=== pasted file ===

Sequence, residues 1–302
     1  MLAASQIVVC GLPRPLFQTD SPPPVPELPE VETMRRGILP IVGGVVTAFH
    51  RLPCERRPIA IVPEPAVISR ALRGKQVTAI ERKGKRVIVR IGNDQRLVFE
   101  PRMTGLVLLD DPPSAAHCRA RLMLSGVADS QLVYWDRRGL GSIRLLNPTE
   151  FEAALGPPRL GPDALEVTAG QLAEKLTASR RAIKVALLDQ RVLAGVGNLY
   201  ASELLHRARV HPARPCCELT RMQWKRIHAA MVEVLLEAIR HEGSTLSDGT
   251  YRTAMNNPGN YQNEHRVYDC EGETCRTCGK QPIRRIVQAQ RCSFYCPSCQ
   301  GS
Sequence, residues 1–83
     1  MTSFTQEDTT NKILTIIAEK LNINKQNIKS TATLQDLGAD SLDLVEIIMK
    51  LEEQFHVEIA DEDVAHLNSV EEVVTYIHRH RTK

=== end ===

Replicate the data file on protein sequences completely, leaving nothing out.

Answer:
Sequence, residues 1–302
     1  MLAASQIVVC GLPRPLFQTD SPPPVPELPE VETMRRGILP IVGGVVTAFH
    51  RLPCERRPIA IVPEPAVISR ALRGKQVTAI ERKGKRVIVR IGNDQRLVFE
   101  PRMTGLVLLD DPPSAAHCRA RLMLSGVADS QLVYWDRRGL GSIRLLNPTE
   151  FEAALGPPRL GPDALEVTAG QLAEKLTASR RAIKVALLDQ RVLAGVGNLY
   201  ASELLHRARV HPARPCCELT RMQWKRIHAA MVEVLLEAIR HEGSTLSDGT
   251  YRTAMNNPGN YQNEHRVYDC EGETCRTCGK QPIRRIVQAQ RCSFYCPSCQ
   301  GS
Sequence, residues 1–83
     1  MTSFTQEDTT NKILTIIAEK LNINKQNIKS TATLQDLGAD SLDLVEIIMK
    51  LEEQFHVEIA DEDVAHLNSV EEVVTYIHRH RTK